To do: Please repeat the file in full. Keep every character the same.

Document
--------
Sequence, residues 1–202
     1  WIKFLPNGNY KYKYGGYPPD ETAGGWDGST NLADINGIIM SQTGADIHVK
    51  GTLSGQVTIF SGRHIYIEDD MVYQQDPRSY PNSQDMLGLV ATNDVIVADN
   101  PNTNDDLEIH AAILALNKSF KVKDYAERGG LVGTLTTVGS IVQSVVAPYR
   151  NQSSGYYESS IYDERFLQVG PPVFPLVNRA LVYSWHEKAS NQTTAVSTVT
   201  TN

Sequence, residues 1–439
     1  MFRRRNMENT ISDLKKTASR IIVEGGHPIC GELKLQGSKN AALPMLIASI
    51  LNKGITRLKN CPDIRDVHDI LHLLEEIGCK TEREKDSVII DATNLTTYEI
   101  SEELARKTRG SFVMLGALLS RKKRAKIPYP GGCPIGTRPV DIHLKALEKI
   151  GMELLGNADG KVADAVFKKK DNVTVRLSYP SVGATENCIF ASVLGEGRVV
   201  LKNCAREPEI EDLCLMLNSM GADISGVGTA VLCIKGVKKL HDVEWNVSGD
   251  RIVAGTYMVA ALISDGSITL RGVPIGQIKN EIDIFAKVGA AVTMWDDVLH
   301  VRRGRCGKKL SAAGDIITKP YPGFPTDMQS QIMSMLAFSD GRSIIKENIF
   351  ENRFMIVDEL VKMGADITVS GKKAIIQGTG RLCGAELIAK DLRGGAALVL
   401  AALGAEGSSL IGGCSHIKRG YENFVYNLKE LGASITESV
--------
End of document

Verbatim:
Sequence, residues 1–202
     1  WIKFLPNGNY KYKYGGYPPD ETAGGWDGST NLADINGIIM SQTGADIHVK
    51  GTLSGQVTIF SGRHIYIEDD MVYQQDPRSY PNSQDMLGLV ATNDVIVADN
   101  PNTNDDLEIH AAILALNKSF KVKDYAERGG LVGTLTTVGS IVQSVVAPYR
   151  NQSSGYYESS IYDERFLQVG PPVFPLVNRA LVYSWHEKAS NQTTAVSTVT
   201  TN

Sequence, residues 1–439
     1  MFRRRNMENT ISDLKKTASR IIVEGGHPIC GELKLQGSKN AALPMLIASI
    51  LNKGITRLKN CPDIRDVHDI LHLLEEIGCK TEREKDSVII DATNLTTYEI
   101  SEELARKTRG SFVMLGALLS RKKRAKIPYP GGCPIGTRPV DIHLKALEKI
   151  GMELLGNADG KVADAVFKKK DNVTVRLSYP SVGATENCIF ASVLGEGRVV
   201  LKNCAREPEI EDLCLMLNSM GADISGVGTA VLCIKGVKKL HDVEWNVSGD
   251  RIVAGTYMVA ALISDGSITL RGVPIGQIKN EIDIFAKVGA AVTMWDDVLH
   301  VRRGRCGKKL SAAGDIITKP YPGFPTDMQS QIMSMLAFSD GRSIIKENIF
   351  ENRFMIVDEL VKMGADITVS GKKAIIQGTG RLCGAELIAK DLRGGAALVL
   401  AALGAEGSSL IGGCSHIKRG YENFVYNLKE LGASITESV